In a new twist to an almost unbelievable season, Captain Coloccini has broken his silence with an open letter to fans.
What should we read into his message?
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For the cynic, we can jump to the 11th paragraph. This is ostensibly a plea to turn up and hand over our hard earned cash to fill the ground. However, there is much more to the letter than that.
For those of us who have had the pleasure of meeting him, Coloccini is a charismatic figure. Based on an encounter, speaking English to him elicited sparse responses. Things changed when speaking to him in Spanish, albeit a dialect removed from his native Argentinian tongue.
The situation was around the time of his contract renewal. Freed from the constraints of, the hidden passion of the man became apparent. Not for him the routine comments delivered in a flat and unconvincing style, but his eyes lit up and he expressed a genuine love of all things Newcastle.
The message that he has sent out becomes far more credible. This appears not to be a letter written by one of the PR people at the club, let alone Charnley. It appears to have been written in Spanish then translated, a style which frankly is beyond those of anyone at the club. The choice of language has a very South American flavour.
Coloccini is not the only person at the club to have fallen for the area. Several of the team can be seen out and about at different venues, from doing the shopping to enjoying the night life. They are not perhaps as immune as the man who sometimes flies in by helicopter, on match day, as the former MD who ran the club from London and from Charnley who does not seem to recognise the outside world.
The apology from the club captain on behalf of the players is welcome. Whilst the club seems to want to talk frankly, neither Ashley nor Charnley has been big enough to put their own names to an apology for what they have turned into an apology of a club.
With his own love of San Lorenzo, it is fair for Coloccini to remind us that this is, or should be, our club. On a personal level, a landmark in my life was the West Brom League Cup defeat under Sir Bobby, which was my son’s first and probably my father’s last at St James’ Park.
He is also right that the club does not deserve to be in this position, even if the owner and hierarchy do.
Having read Coloccini’s letter, it gives time to reflect on the players’ perspective. Coloccini came to play under Keegan. Some were here before, others have joined since. They came to an area known for its passion for football, to a club that had a proud European pedigree, a club that was known for ambition, including signing the best strikers in Britain.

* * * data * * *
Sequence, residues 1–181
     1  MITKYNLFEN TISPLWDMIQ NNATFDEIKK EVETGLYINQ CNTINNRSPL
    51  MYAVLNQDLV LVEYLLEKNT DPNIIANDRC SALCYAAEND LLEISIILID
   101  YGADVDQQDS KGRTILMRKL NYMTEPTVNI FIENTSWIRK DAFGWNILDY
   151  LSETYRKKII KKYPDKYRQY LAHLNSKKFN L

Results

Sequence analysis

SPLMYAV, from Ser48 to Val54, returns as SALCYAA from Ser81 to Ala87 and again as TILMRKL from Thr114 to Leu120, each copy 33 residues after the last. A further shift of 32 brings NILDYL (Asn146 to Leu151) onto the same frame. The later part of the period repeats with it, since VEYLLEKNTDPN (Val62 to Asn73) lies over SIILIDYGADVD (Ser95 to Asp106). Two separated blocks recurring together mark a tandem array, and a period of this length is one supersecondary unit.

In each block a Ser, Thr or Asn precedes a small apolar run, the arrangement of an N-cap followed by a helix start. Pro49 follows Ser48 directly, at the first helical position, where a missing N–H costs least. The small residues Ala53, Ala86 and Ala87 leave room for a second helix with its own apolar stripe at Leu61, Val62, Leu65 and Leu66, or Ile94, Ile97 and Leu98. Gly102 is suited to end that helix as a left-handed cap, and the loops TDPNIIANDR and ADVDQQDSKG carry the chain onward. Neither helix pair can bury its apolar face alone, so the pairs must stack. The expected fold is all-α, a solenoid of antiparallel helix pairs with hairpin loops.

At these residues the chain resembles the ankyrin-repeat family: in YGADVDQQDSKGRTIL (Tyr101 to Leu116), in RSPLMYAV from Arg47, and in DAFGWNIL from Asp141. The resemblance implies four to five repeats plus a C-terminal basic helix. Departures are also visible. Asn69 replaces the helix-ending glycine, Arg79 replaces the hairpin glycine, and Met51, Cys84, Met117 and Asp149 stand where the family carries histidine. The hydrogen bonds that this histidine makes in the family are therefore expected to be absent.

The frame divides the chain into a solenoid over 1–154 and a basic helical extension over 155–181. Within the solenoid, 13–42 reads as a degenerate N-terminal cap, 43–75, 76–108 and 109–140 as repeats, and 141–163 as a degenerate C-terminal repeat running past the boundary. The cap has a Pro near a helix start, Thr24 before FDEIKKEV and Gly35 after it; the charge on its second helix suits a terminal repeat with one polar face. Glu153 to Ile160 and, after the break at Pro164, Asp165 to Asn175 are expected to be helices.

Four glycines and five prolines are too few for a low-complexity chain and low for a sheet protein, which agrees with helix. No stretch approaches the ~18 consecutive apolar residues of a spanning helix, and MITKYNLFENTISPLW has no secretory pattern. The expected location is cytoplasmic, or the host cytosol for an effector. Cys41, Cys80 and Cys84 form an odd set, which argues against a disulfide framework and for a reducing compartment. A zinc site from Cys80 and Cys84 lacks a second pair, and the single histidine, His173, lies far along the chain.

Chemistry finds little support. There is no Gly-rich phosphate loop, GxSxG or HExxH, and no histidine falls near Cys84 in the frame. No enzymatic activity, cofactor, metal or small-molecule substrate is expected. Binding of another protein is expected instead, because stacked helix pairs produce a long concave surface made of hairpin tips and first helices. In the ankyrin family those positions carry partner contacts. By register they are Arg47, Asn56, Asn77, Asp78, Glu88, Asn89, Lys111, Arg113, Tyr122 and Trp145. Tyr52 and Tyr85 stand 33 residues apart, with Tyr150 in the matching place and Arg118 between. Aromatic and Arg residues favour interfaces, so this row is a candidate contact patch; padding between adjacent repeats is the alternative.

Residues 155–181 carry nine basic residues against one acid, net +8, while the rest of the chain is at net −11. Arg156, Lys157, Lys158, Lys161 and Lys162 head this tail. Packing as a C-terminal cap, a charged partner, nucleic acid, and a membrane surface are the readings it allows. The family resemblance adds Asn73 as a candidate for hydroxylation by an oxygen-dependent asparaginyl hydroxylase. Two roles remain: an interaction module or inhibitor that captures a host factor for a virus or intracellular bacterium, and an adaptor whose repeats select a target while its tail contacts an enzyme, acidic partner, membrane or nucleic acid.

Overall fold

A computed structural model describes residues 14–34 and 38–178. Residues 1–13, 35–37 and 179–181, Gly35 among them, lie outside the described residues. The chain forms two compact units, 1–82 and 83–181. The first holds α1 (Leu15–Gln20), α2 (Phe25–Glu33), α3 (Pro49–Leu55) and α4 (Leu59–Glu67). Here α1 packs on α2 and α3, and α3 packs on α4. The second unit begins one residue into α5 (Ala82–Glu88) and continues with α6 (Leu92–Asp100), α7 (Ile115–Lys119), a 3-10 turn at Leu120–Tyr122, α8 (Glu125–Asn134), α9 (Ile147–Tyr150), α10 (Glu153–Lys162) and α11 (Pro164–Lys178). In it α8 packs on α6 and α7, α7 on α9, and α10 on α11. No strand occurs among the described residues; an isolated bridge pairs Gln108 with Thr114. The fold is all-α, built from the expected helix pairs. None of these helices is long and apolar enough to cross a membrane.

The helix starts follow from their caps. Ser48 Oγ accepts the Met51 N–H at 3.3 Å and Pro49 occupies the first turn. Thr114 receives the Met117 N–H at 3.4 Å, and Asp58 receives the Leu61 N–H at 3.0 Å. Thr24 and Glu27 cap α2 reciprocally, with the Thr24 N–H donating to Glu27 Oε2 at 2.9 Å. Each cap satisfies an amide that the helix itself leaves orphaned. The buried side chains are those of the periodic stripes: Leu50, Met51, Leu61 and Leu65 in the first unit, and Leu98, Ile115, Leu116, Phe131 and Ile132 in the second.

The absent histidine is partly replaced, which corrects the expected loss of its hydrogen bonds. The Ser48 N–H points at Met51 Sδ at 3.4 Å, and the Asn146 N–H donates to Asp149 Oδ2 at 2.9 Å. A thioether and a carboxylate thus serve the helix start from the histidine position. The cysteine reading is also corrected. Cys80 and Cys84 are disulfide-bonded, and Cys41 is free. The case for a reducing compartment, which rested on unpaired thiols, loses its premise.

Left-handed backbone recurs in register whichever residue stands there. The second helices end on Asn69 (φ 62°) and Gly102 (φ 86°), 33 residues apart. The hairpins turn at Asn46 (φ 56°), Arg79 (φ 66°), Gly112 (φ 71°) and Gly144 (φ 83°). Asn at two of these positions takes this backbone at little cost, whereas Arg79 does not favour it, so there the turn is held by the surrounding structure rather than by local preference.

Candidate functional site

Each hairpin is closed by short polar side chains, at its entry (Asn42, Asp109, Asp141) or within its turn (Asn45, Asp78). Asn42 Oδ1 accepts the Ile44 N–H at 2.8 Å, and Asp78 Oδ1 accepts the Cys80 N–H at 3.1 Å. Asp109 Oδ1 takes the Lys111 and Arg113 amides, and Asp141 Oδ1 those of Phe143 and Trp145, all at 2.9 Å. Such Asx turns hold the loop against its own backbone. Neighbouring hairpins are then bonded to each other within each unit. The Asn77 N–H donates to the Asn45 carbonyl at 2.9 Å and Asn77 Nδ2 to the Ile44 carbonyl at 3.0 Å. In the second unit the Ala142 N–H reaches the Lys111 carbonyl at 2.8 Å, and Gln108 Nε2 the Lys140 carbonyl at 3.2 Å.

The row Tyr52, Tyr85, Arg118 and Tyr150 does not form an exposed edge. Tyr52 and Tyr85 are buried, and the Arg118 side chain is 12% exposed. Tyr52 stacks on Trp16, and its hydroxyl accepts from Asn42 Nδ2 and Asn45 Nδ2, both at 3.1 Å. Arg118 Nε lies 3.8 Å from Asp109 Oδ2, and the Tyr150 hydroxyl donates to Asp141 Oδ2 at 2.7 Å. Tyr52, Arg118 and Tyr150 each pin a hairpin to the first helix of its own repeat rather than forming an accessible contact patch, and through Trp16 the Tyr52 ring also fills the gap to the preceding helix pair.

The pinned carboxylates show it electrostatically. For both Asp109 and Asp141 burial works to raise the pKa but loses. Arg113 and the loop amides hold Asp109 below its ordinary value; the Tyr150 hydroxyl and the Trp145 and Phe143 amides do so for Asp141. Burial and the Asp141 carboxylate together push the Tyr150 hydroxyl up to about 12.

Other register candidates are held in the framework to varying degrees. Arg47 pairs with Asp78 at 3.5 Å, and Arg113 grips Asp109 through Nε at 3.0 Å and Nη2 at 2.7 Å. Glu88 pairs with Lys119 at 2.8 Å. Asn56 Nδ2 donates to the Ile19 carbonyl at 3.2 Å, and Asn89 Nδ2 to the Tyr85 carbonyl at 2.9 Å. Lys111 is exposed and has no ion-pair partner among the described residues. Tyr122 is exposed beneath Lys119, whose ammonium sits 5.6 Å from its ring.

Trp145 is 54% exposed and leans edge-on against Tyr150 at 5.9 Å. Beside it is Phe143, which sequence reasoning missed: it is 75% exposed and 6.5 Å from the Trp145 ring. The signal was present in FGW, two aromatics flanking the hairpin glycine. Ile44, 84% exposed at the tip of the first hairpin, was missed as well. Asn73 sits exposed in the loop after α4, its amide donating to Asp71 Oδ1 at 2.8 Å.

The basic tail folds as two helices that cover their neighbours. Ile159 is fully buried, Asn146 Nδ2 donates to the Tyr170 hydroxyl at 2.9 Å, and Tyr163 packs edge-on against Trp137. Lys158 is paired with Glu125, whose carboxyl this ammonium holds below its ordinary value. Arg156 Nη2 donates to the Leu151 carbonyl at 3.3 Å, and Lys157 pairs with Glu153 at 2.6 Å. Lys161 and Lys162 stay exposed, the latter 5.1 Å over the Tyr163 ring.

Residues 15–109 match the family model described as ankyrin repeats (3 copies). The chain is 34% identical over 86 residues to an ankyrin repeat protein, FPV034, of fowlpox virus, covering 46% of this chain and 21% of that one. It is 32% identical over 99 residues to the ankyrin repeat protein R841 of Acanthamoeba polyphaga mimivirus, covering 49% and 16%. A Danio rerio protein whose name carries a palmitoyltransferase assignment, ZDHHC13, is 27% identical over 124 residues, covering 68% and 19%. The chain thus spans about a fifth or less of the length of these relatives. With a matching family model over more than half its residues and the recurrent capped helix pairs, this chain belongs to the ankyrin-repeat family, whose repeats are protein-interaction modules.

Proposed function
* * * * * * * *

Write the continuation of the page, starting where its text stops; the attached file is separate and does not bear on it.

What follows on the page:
Despite Llambias and Kinnear, despite Wise and Jimenez, the club came together under a decent manager and decent man, Chris Hughton. He broke records with the club and team. He involved players in decision making and trusted them. They responded in kind. Hughton was sacked.
Coloccini was reported, accurately or otherwise, to have fallen out with Pardew over team tactics. Likewise, Cabaye and Cisse. Players with character and experience were sold, the likes of Nolan, Barton and Carroll, others were released, Harper, Ameobi and more.
Team tactics became dull, the clearance from Krul to beyond the half way line for a forward 6 or 7 inches smaller than the defenders who marked them. Wingers were played on the wrong side denying width.
Even in the transfer market, despite the protestations of supporters and indeed, probably players, key positions were not reinforced with quality. There were not enough strikers in the squad, nor central defenders, nor even at left back. The squad in key areas did not allow for injuries, let alone rotation.
That is not a fault of the players, it is a complete failure by management.
One of the current heroes, for his effort and victory in his personal battle, is Jonas. How did the owner and hierarchy support him in his hour of need? He is another one, one in a long line since Bellamy, to have had a problem with Carver.
Looking forward to the summer, it is hardly surprising that players may not have been motivated. Contracts have not been renewed. The club has gained a reputation for providing Ashley a platform for capital growth whilst disregarding the ambitions of players and supporters.
The message back to Colo is thank you. Your apology is appreciated. As supporters, we value the good times that players have given us. Some, if not all of us, realise that in your short careers, the hierarchy has not only let you down but as you seem to appreciate, has let us down too.
For those who choose to subsidise Ashley’s wealth, it is important to get behind the team. It remains important to simultaneously give a strong message to Ashley, Charnley and anyone else with any power at the club. Their policies have led us to this and despite what you could do for the club, your apathy and negligence is despised.
Let’s hope that players leave us with a positive picture of the region, Those who apply themselves will be long remembered. As for Ashley, Charnley and Irving, the day you stop darkening our door will be one for celebration. Your regime is vile to the core.
Ashley, you may be a vehicle for dismantling human pride as demonstrated by Channel 4’s Dispatches. The players and supporters are far better than you.